It has been almost a decade since the Falcons’ defensive line has been the main positive talking point through consecutive games, even in preseason. The pass rush once again shone through five drives in shutting out the Jets’ offense. Optimism is flowing following promising performances from Vic Beasley, Jonathan Babineaux, Adrian Clayborn, and more. It’s essential that the Falcons force opposing quarterbacks out of the pocket or force them to make quicker decisions instead of being comfortable by looking through their progressions.
Key Third Downs
While sacks are important, third down defense is one of the most vital stats for any defense. Over the past five seasons, Atlanta has been ranked within the top ten worst third down defenses. It started in 2009, as they were
ranked last in the league. Despite their playoff appearances between 2010-2012, they ranked no higher than 24th in third down defense from the 2010 season. The last two seasons have been obviously the most detrimental in the Matt Ryan-Thomas Dimitroff era. It shouldn’t surprise anyone that Atlanta has ranked dead last over the past two seasons. No defense can thrive from allowing conversions on third-down at a rate of 46 percent.
Offenses have converted nearly every other third down situation against Mike Nolan’s hopeless unit. Obviously an adequate pass rush is needed to improve on third down. It also takes a group of solid linebackers that can fulfill their gaps and responsibilities. Justin Durant showcased that on Friday from sticking to his assignment and closing down Ryan Fitzpatrick to stop him short of the first down marker. A sturdy veteran like Durant should help Atlanta’s defense in getting off the field significantly. If the pass rush actually showed signs of life, it was Paul Worrilow or Joplo Bartu being targeted for easy completions by opposing quarterbacks last season.
It’s pretty alarming that Atlanta’s defense has struggled to get off the field with game-changing studs like John Abraham and Brent Grimes. These issues signify the meaning of having multiple capable pass rushers that can be utilized in various facets. Clayborn was labeled as the most intriguing free agent signing, considering his respectable production from playing on horrendous Tampa Bay defenses. With his size (listed between 275-280 pounds), he isn’t your prototypical four-tech defensive end. The extra weight and strength allows him to be effective as a three-tech lineman on third downs or general passing situations.
Dan Quinn's Impact
Dan Quinn has worked extensively with every pass rusher over the off-season. The idea of uniting Beasley, Clayborn, Babineaux, and O’Brien Schofield on third down has been strategized for some time now. On Friday, it was a showcase game for that unit through swarming Fitzpatrick on several third down situations. New York was just two for seven on third down, when the first-string defense was on the field. One of those conversions was from a holding penalty on Robert Alford.
Clayborn abused James Carpenter on multiple occasions, including a third down sack that sent the former Seahawk on his knees. The speed and viciousness of Clayborn has been showcased through working with Chuck Smith over the off-season. The long hours of dedicating his craft has translated to on-field production. Quinn seems to prefer Tyson Jackson on first down, due to his run stuffing qualities. When Fitzpatrick had time to throw and look through his progressions, it was usually Jackson, Kroy Biermann, or Grady Jarrett as the defensive ends.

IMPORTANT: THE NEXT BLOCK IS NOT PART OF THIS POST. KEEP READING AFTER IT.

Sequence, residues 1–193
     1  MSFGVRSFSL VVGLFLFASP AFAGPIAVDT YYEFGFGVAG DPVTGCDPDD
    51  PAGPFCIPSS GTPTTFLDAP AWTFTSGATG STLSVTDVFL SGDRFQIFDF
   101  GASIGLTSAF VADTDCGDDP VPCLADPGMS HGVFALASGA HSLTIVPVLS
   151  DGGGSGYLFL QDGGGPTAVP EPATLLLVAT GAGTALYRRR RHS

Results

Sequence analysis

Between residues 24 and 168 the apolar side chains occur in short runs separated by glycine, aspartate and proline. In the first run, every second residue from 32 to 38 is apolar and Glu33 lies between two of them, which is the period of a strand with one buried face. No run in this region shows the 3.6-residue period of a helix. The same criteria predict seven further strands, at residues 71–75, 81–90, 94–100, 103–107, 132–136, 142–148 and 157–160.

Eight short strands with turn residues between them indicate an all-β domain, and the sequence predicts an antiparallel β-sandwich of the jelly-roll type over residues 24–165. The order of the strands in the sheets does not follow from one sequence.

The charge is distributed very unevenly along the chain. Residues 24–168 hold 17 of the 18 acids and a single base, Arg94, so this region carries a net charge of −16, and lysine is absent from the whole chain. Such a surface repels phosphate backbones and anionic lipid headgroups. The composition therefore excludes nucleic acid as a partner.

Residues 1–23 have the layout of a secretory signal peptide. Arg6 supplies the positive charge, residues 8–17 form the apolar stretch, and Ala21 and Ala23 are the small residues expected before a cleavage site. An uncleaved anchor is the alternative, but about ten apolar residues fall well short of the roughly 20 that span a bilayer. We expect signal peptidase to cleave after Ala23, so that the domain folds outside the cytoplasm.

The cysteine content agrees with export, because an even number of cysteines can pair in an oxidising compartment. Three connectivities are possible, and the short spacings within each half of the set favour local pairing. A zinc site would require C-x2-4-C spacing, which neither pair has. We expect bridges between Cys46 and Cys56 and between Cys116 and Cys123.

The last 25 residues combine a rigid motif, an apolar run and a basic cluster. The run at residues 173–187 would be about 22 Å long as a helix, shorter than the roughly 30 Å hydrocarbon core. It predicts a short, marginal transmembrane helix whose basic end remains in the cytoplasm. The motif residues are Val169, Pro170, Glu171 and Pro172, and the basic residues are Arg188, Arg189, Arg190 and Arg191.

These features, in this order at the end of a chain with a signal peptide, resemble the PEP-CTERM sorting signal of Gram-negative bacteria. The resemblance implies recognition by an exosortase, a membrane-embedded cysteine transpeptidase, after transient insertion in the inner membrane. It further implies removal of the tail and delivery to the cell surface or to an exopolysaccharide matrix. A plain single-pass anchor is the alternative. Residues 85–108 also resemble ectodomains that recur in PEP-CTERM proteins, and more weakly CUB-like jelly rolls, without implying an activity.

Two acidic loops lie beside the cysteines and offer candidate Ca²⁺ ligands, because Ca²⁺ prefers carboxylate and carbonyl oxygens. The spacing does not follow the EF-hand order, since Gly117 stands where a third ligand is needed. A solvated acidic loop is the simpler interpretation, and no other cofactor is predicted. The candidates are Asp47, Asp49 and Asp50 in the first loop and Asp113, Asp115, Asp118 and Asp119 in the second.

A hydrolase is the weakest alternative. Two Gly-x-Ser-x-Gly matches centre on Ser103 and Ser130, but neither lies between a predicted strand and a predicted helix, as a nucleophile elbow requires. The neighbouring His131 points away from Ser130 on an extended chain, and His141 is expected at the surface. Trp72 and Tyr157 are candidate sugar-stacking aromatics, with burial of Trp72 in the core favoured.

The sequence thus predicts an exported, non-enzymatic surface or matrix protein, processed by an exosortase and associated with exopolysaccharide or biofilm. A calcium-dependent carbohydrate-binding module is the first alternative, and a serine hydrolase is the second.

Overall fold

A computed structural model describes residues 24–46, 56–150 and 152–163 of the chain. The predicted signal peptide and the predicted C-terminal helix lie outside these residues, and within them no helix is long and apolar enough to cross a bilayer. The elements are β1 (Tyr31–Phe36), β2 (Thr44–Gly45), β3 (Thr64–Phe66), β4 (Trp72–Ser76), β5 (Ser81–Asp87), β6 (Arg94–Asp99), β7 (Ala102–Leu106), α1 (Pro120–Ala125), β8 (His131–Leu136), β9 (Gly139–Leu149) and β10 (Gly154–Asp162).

The idea of utilizing natural defensive tackles on the edge has to restore dark memories from the past two seasons. Of course, it’s pre-season and coaches will obviously evaluate certain rotations and see what could possibly work. It would be wise to try playing Clayborn and Beasley as ends on first or second down. Would a major downgrade occur from a run stopping perspective by playing Clayborn on the edge? With Brooks Reed above him as a strong-side linebacker, setting the edge shouldn’t be a major concern for that side of the defense. Reed’s success comes from setting the edge and not missing open field tackles.
With Clayborn’s viciousness and versatility, Quinn can use him in various different methods. Playing him alongside Beasley has worked out greatly so far. Besides Babineaux, Atlanta’s defensive tackle rotation has featured players that had little to no pass-rushing ability. They were mainly run stuffers that looked to occupy space and take on double teams. Clayborn’s agility on the inside gave the Jets’ offensive line fits, as D’Brickshaw Ferguson had his hands full with Beasley.
The most endearing part of Beasley’s performance was his effectiveness from exploiting a bull rush. Skeptics were concerned about his size coming into the league. Besides having a rapid first-step, does Beasley have other attributes as an effective pass rusher? An improving bull-rush and a "John Abrahamesque" spin move look to be two major weapons in his arsenal. Speaking of making plays like Abraham, Beasley batted a pass down on third down to end his night on a high note.
What Lies Ahead
Many questions still remain unclear about Atlanta’s defensive line rotation. It will be interesting to see how many snaps occur between Jackson and Clayborn. Could Ra’Shede Hageman be utilized on third down? How about the other array of pass rushers? Stansly Maponga has emerged through contributing with two sacks in pre-season. Schofield had three hits on Friday as well. Similar to wide receiver, the amount of depth on the defensive line has become a revelation. The motive to not splurge out high-priced contracts, yet still be aggressive in making bargain deals seem to be paying off so far.